Edison equipment, 115; leaves Edi- 
son, 116; invents arc light, 117-19; 
digs ditches, 120-23; forms Tesla 
Electric Company, 128; builds models 
in New York City laboratory, 130; 
lectures, 130-31; his system recog- 
nized by engineering world, 131; his 
meeting with Westinghouse, 132; de- 
scription of, 132, 145; sells system to 
Westinghouse, 132-33; gives scholar- 
ships, 134; hires assistants, 141; de- 
signs transformers, 142-43; invents 
reciprocating dynamo, 143-44; dem- 
onstrates harmlessness of high-fre- 
quency currents, 151-54; harnesses 
Niagara Falls, 157; lectures abroad, 
158-59; death of mother, 160; his 
laboratory burned, 162; borrows 
money, 163; sets earth in vibration, 
164-65; builds laboratory in Col- 
orado, 165; proves earth contains 
stationary waves, 167; creates light- 
ning and thunder, 168; writes maga- 
zine articles, 169-71; receives finan- 
cial aid, 171; builds broadcasting 
plant, 172; his World System, 173- 
76; is in financial difficulties, 177; 
more than 200 patents issued him, 
180; does not believe Einstein's the- 
ory, 182; refuses Nobel Prize, 183; 
death of, 186 
thought transmission, 159, 170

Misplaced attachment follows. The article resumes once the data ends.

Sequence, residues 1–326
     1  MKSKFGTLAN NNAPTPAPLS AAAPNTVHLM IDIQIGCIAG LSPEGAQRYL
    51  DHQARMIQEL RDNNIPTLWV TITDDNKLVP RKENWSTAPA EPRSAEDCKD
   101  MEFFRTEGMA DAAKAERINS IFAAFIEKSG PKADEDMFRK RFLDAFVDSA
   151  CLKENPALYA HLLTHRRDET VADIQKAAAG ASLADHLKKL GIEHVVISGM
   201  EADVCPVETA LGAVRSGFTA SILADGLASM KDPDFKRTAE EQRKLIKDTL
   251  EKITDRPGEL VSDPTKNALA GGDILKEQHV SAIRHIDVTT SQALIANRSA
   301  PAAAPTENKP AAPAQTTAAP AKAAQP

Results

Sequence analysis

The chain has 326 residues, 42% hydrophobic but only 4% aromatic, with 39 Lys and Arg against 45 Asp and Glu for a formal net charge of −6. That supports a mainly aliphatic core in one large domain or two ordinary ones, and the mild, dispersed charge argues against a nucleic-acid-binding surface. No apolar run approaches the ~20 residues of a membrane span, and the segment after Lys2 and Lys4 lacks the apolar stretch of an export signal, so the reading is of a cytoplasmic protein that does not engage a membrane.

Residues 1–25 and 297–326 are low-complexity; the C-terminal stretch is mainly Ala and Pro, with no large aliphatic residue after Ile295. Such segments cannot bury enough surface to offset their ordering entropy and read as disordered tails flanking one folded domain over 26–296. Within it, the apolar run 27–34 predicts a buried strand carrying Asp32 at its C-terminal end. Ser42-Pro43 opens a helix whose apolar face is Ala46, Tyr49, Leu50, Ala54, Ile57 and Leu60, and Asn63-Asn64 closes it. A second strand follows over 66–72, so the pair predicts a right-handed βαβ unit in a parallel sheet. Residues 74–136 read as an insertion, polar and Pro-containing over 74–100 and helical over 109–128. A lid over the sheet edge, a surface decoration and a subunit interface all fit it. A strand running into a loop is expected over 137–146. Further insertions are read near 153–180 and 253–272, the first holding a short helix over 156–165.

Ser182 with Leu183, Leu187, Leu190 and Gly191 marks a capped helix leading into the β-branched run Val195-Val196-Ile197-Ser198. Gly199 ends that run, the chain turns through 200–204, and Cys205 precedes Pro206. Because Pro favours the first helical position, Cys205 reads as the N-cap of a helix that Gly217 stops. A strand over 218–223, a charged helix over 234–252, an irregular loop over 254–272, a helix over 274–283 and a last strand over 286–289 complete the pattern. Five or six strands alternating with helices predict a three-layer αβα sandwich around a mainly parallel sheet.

thunder, created by Tesla, 168 
transformers, for alternating current, 

128; high-frequency, 142 
transmission of images, Tesla's theory 
of, 122-23, 153, 170 

transmission of sound, without wires, 
Tesla's theory of, 122-23, 152, 158, 

Trixie, 9-11 

tubes, radio, 173 

Twain, Mark, 66 

Union Sulphur Company, 179 
United States, 139, 144-45, 147, 157, 
160, 185 

Victoria, Queen, 9 

Von FUrstenburg, Alfred, 27-28 

Von FUrstenburg, Countess, 21-22, 29, 

67, 83 
Von FUrstenburg, General Count, 23- 

25, 67 

Waldorf-Astoria Hotel, 184 

Wardendiff, Long Island, 172, 176-77, 

Wentzlas, Mark, 12-14 

Wentzlas, Mrs., 12-14, 18, 86 

Werber, Albert, 107-09, 125-31, 133 

Western Union Telegraph Company, 

Westinghouse Electric Company, 131, 
135, 146, 151, 157, 160 

Westinghouse, George, 131-33, 135-40, 
145-48, 151-53, 155-56, 160-62 

White, Sanford, 172 

Wilhelm, Kaiser, 99 

wireless broadcasting system, world- 
wide, Tesla's plans for, 172-76 

World System, 173-76 

World War II, 185 

World's Fair, of 1893, 148, 150-54 

Yugoslavia, 185